Lender's Title Insurance: Even though there is a title search for liens and lawsuits, many still require lenders title insurance so that should a problem arise, they can recover their mortgage investment. This is a one-time insurance premium, usually paid at closing; it is insurance for the lender only, not for you as a purchaser.

Release Fees: If the seller has worked with a contractor who has put a lien on the house and who expects to be paid from the proceeds of the sale of the house, there may be some fees to release the lien. Although the seller usually pays these fees, they could be negotiated in the purchase offer.

Inspections Required by Lender (termite, water tests): If a borrower applies for an FHA or VA mortgage, the lender will require a termite inspection. In many rural areas, lenders will require a water test to make sure the well and water system will maintain an adequate supply of water to the house (this is usually a test for quantity, not a test for water quality).

Prepaid Interest: Your first regular mortgage payment is usually due about 6 to 8 weeks after you close. Interest costs, however, start as soon as you close. The lender will calculate how much interest you owe for the fraction of the month in which you close.

Escrow account: Lenders often require borrows set up an escrow account into which they will make monthly payments for taxes, homeowner's insurance, and PMI (mortgage insurance, if required). The amount placed in this escrow account at closing depends on when property taxes are due and the timing of the settlement transaction.

Other Up-Front Expenses

In addition to the deposit and down payment, other up-front expenses can include the following:

Inspections: In addition to inspections required by the lender, a buyer may make the purchase offer contingent on satisfactory completion of some other inspections. These inspections might include: structural, water quality tests and radon tests.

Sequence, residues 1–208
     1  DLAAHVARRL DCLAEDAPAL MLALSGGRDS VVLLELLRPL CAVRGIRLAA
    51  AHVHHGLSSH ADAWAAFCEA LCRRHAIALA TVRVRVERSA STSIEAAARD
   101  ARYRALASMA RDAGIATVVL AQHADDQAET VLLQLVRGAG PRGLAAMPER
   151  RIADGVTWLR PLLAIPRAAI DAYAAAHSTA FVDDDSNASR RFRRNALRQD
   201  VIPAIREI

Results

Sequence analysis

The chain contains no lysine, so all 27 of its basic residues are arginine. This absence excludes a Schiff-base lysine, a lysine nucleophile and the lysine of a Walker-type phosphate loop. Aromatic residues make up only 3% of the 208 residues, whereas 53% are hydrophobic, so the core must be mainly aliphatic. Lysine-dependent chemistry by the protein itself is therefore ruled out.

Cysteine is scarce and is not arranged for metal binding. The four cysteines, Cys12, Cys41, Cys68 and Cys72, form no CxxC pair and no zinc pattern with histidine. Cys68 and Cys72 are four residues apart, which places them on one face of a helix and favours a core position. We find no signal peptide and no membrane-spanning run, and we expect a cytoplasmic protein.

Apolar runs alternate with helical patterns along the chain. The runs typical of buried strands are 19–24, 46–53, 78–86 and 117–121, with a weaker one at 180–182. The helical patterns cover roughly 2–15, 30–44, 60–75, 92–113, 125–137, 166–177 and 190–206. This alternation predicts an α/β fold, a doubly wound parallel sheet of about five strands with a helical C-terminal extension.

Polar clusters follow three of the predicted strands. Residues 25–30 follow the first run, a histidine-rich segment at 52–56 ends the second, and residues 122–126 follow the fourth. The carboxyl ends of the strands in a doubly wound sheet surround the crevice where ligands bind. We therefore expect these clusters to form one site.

Owner's Title Insurance: A buyer may elect to purchase title insurance so that if problems arises, you are not left owing a mortgage on a property you no longer own.

Appraisal Fees: A buyer may elect to hire their own appraiser, either before signing a purchase offer or after seeing the results of the lender's appraisal.

Money to the Seller: The buyer will need to pay for items in the house that they want and that were not negotiated in the purchase offer.

Escrow Account Funds: In the purchase offer, the buyer can request that the seller set up an escrow account to defray any costs of major cleanup, radon mitigation procedures, house painting, or other items. Also, if the buyer has not had a chance to try out appliances, furnaces or air conditioners they may request an escrow account to cover repairs if necessary.


The Real Estate Settlement Procedures Act (RESPA) contains information on the settlement or closing costs a buyer is likely to incur. Within 3 days of the time a buyer applies for the mortgage, the lender is required to provide you with a "good faith estimate of settlement costs," based on his or her understanding of your purchase contract. This estimate should provide a good idea of how much cash will be needed at closing to cover pro-rated taxes, first month's interest, and other settlement costs.

The act also requires lenders to give you an information booklet, Settlement Costs and You, written by the U.S. Department of Housing and Urban Development, which discusses how to negotiate a sales contract, how to work with various professionals (attorneys, real estate agents, lenders), and your rights and responsibilities as a home buyer. It also shows an example of the uniform settlement statement that will be used at your closing. One business day before the closing, buyers are entitled to see a copy of the Uniform Settlement Statement to see what the final costs will be.

Truth in Lending

Mortgage lenders are required to give borrowers a Truth in Lending (TIL) statement containing information on the annual percentage rate, the finance charge, the amount financed, and the total payments required. For adjustable rate loans, the "total payments" figure is estimated as a "worst case" scenario. The figure represents the payments you would make if your loan adjusted upward to the maximum rate allowed by annual and lifetime caps and then stayed there for the duration of the loan. The TIL statement may also contain information on security interest, late charges, prepayment provisions, and whether the mortgage is assumable. If a borrower has an adjustable rate loan, it may outline the limits on the adjustments (annual and lifetime caps) and give an example of what their next year's payment might be, depending on interest rates.